Inaugural EAGER program grant recipients announced at Penn State Harrisburg

November 02, 2020

MIDDLETOWN, Pa. – The Office of Research and Outreach at Penn State Harrisburg has announced six inaugural research seed grant proposals to be funded through the college’s new Exploration and Analysis Grants for Expanded Research [EAGER] program. The goal of the program is to provide support for full-time Penn State Harrisburg faculty members to pursue external research funding opportunities. A successful EAGER project is one that results in submission of a competitive research proposal to a federal science agency or other external research sponsor.

Paul Hallacher, special assistant to the chancellor for research and economic development, said, “Our academic programs are strengthened by faculty research -- students have opportunities to participate in research projects, and research discoveries are directly incorporated into curriculum.  These six competitively awarded EAGER projects are receiving funding support from the college’s Office of Research and Outreach; School of Science, Engineering and Technology; School of Behavioral Science and Education; and School of Public Affairs. We are delighted to be able to make these funds available and we look forward to exciting results from this work.”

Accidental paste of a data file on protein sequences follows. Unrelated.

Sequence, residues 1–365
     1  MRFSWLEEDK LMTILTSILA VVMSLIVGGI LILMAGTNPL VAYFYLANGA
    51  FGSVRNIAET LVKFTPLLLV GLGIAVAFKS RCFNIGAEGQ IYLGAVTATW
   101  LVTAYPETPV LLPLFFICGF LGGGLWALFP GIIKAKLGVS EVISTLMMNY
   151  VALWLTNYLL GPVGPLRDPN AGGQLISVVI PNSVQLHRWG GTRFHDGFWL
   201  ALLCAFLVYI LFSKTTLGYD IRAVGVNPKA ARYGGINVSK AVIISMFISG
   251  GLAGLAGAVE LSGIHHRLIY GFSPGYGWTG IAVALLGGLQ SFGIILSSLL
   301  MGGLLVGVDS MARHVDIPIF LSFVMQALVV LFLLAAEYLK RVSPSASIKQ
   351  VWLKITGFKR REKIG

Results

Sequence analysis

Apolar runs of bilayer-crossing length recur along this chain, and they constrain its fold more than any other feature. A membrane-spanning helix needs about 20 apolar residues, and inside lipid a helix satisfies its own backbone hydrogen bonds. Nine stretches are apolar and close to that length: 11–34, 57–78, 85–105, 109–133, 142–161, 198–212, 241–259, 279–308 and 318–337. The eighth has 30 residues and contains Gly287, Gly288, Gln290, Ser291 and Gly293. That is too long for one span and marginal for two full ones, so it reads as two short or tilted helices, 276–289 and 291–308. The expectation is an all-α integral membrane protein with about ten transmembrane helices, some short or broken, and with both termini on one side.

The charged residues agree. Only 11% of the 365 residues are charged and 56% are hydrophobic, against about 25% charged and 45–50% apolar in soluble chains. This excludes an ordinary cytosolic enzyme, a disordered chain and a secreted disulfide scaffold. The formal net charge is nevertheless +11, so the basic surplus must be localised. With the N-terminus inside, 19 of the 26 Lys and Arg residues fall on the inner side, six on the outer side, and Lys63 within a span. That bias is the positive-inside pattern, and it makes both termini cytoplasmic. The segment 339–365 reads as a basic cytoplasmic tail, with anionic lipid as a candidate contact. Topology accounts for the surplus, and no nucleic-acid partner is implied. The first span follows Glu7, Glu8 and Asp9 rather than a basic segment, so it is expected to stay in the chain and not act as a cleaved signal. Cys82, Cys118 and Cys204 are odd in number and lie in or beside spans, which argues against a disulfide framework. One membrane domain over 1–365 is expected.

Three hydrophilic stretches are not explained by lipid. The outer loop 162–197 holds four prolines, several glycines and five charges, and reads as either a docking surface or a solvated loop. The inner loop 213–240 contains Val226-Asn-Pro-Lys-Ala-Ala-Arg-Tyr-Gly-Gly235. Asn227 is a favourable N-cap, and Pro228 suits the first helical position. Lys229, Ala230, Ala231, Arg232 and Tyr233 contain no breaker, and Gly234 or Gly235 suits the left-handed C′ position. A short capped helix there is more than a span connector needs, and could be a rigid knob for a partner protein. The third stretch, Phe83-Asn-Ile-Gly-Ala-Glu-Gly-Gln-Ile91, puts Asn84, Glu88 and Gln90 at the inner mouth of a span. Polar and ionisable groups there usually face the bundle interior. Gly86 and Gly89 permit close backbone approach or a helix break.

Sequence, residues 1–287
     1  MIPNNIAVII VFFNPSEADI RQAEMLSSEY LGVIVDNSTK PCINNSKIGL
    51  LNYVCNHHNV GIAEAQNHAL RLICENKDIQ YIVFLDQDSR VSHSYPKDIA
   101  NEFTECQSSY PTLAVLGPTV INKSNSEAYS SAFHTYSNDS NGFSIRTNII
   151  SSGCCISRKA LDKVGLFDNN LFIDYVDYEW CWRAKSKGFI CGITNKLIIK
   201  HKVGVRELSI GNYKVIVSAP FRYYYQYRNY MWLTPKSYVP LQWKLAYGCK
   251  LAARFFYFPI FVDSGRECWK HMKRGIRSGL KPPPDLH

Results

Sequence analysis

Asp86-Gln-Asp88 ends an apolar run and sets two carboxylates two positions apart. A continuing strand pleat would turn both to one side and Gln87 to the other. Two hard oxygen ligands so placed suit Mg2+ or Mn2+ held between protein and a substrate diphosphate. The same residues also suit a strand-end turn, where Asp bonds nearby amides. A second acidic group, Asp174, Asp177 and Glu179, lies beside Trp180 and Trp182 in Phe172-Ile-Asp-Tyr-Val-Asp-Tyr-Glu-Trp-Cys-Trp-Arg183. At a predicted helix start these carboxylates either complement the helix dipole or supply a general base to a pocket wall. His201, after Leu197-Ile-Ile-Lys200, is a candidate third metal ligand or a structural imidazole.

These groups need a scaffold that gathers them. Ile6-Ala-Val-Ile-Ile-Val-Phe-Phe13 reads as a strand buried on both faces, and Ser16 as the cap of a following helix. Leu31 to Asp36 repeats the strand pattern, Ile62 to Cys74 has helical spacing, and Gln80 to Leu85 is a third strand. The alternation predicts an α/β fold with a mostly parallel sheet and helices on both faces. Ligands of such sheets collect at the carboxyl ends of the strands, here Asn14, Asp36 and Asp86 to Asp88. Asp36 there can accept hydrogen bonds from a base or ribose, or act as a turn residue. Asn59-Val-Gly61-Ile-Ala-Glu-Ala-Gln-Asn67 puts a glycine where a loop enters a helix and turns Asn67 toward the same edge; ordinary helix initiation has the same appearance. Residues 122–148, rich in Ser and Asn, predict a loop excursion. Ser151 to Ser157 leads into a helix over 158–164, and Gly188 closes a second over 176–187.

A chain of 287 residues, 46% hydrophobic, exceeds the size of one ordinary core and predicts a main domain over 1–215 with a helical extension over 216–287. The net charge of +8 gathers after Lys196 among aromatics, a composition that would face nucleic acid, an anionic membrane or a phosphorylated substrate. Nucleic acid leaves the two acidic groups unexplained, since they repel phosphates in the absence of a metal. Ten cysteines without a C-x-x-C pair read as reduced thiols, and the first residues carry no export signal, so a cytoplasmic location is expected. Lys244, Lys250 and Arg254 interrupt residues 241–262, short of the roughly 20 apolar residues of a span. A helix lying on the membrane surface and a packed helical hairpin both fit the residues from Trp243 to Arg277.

Faculty proposals awarded include:

  • Candace Hogue, assistant professor of kinesiology, School of Behavioral Sciences and Education – Hogue will explore the impact of the perceived motivational climate on adolescent athletes’ health, well-being, and continued interest to participate in sport.
  • Sung W. Choi, assistant professor of health administration, School of Public Affairs – Choi’s research aims to understand the disparities in exposure, susceptibility, and treatment of COVID-19 among racial and ethnic minorities in Pennsylvania.
  • Esfakur Rahman, assistant teaching professor of mechanical engineering, School of Science, Engineering, and Technology (SSET) – Rahman’s project is aimed at addressing challenges to new, lighter, and stronger structural materials applicable in automotive, aerospace, and defense industries by improving the manufacturability of multi-walled carbon nanotubes.
  • Abu Asaduzzaman, assistant professor of chemistry, SSET – Asaduzzaman’s project studies the deposition of mercury on the Arctic’s surface and the implication for the global mercury cycle.
  • Fariborz Tavangarian, assistant professor of mechanical engineering, SSET – Tavangarian’s project explores the prevention of catastrophic failure in brittle materials through a novel architecture inspired by spicule structure.
  • Eileen Ahlin, associate professor of criminal justice, SPA – Ahlin’s project ‘Inner-city (im)mobility’ examines how residents cope with community violence when moving is not an option.

 

Last Updated November 02, 2020